Angina Pectoris OverviewAngina, or angina pectoris, is the medical term used to describe the temporary chest discomfort that occurs when the heart is not getting enough blood.
- The heart is a muscle (myocardium) and gets its blood supply from the coronary arteries.
- Blood carries the oxygen and nutrients the heart muscle needs to keep pumping.
- When the heart does not get enough blood, it can no longer function at its full capacity.
- When physical exertion, strong emotions, extreme temperatures, or eating increase the demand on the heart, a person with angina feels temporary pain, pressure, fullness, or squeezing in the center of the chest or in the neck, shoulder, jaw, upper arm, or upper back. This is angina, especially if the discomfort is relieved by removing the stressor and/or taking sublingual (under the tongue) nitroglycerin.
- The discomfort of angina is temporary, meaning a few seconds or minutes, not lasting hours or all day.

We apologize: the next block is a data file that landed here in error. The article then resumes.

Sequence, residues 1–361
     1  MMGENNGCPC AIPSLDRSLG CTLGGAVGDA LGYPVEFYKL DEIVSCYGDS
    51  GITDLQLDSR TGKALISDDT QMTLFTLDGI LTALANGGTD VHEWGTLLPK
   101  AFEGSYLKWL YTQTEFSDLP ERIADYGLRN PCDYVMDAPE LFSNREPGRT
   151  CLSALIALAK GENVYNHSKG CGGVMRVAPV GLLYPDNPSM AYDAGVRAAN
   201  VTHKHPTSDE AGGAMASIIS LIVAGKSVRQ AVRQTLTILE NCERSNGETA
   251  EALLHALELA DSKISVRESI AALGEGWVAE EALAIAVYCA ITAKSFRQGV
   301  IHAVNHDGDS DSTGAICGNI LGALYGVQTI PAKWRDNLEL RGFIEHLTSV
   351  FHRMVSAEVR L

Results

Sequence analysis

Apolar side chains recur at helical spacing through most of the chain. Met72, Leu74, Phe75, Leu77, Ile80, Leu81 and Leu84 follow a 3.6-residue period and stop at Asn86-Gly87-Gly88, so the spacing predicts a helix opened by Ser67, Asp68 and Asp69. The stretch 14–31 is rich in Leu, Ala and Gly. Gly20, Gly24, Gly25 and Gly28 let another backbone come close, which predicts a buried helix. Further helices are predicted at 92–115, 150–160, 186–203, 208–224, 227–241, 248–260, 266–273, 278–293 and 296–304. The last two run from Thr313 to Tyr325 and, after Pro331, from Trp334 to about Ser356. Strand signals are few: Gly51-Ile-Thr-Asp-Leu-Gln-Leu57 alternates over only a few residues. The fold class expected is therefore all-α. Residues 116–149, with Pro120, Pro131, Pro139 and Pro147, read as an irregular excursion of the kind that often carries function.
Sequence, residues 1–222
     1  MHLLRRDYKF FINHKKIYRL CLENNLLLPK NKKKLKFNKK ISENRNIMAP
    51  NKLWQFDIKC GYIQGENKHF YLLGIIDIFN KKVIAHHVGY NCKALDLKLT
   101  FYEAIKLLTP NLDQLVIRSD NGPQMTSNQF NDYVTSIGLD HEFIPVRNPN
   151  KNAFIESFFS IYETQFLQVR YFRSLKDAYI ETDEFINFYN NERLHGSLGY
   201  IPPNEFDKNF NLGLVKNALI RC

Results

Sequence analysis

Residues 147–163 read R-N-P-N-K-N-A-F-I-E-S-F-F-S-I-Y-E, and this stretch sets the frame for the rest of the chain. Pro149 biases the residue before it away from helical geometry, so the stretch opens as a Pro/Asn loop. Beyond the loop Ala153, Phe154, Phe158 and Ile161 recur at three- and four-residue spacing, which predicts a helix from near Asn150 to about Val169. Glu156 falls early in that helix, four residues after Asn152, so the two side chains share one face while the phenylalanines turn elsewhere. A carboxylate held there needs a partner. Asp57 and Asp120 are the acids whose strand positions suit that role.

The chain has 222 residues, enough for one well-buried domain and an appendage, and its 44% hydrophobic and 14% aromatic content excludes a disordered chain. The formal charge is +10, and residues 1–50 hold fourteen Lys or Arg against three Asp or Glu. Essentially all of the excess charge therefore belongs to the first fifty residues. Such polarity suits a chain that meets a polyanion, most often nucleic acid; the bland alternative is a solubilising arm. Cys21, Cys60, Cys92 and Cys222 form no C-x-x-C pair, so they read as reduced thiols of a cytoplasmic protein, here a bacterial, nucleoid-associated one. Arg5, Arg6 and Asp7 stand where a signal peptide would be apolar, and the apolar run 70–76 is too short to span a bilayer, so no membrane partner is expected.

What is angina pectoris?
Angina pectoris is the medical term for chest pain or discomfort due to coronary heart disease. Angina is a symptom of a condition called myocardial ischemia. It occurs when the heart muscle (myocardium) doesn't get as much blood (hence as much oxygen) as it needs. This usually happens because one or more of the heart's arteries (coronary blood vessels that supply blood to the heart muscle) is narrowed or blocked. Insufficient blood supply is called ischemia.
Angina also can occur in people with valvular heart disease, hypertrophic cardiomyopathy (this is an enlarged heart due to disease) or uncontrolled high blood pressure. These cases are rare, though.
Typical angina is uncomfortable pressure, fullness, squeezing or pain in the center of the chest. The discomfort also may be felt in the neck, jaw, shoulder, back or arm. Many types of chest discomfort aren't related to angina. Acid reflux (heartburn) and lung infection or inflammation are examples.Visit Site